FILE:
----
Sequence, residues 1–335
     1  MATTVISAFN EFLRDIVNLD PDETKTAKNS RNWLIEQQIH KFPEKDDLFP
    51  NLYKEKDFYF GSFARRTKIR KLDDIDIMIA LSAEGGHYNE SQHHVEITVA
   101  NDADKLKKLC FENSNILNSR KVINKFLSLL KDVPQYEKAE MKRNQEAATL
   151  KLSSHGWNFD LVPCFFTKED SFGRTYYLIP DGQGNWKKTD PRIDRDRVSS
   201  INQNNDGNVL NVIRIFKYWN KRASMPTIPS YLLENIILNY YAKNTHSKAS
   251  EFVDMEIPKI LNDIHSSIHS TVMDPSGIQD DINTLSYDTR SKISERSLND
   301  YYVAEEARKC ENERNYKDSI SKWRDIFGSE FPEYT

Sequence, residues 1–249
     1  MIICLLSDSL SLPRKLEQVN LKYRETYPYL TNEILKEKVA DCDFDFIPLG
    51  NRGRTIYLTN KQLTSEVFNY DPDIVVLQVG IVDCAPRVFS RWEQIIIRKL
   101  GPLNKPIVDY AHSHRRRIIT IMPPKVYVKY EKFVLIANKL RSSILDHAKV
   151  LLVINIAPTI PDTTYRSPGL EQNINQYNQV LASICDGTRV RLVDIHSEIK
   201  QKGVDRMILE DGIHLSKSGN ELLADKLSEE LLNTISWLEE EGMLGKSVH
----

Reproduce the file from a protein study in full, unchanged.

Sequence, residues 1–335
     1  MATTVISAFN EFLRDIVNLD PDETKTAKNS RNWLIEQQIH KFPEKDDLFP
    51  NLYKEKDFYF GSFARRTKIR KLDDIDIMIA LSAEGGHYNE SQHHVEITVA
   101  NDADKLKKLC FENSNILNSR KVINKFLSLL KDVPQYEKAE MKRNQEAATL
   151  KLSSHGWNFD LVPCFFTKED SFGRTYYLIP DGQGNWKKTD PRIDRDRVSS
   201  INQNNDGNVL NVIRIFKYWN KRASMPTIPS YLLENIILNY YAKNTHSKAS
   251  EFVDMEIPKI LNDIHSSIHS TVMDPSGIQD DINTLSYDTR SKISERSLND
   301  YYVAEEARKC ENERNYKDSI SKWRDIFGSE FPEYT

Sequence, residues 1–249
     1  MIICLLSDSL SLPRKLEQVN LKYRETYPYL TNEILKEKVA DCDFDFIPLG
    51  NRGRTIYLTN KQLTSEVFNY DPDIVVLQVG IVDCAPRVFS RWEQIIIRKL
   101  GPLNKPIVDY AHSHRRRIIT IMPPKVYVKY EKFVLIANKL RSSILDHAKV
   151  LLVINIAPTI PDTTYRSPGL EQNINQYNQV LASICDGTRV RLVDIHSEIK
   201  QKGVDRMILE DGIHLSKSGN ELLADKLSEE LLNTISWLEE EGMLGKSVH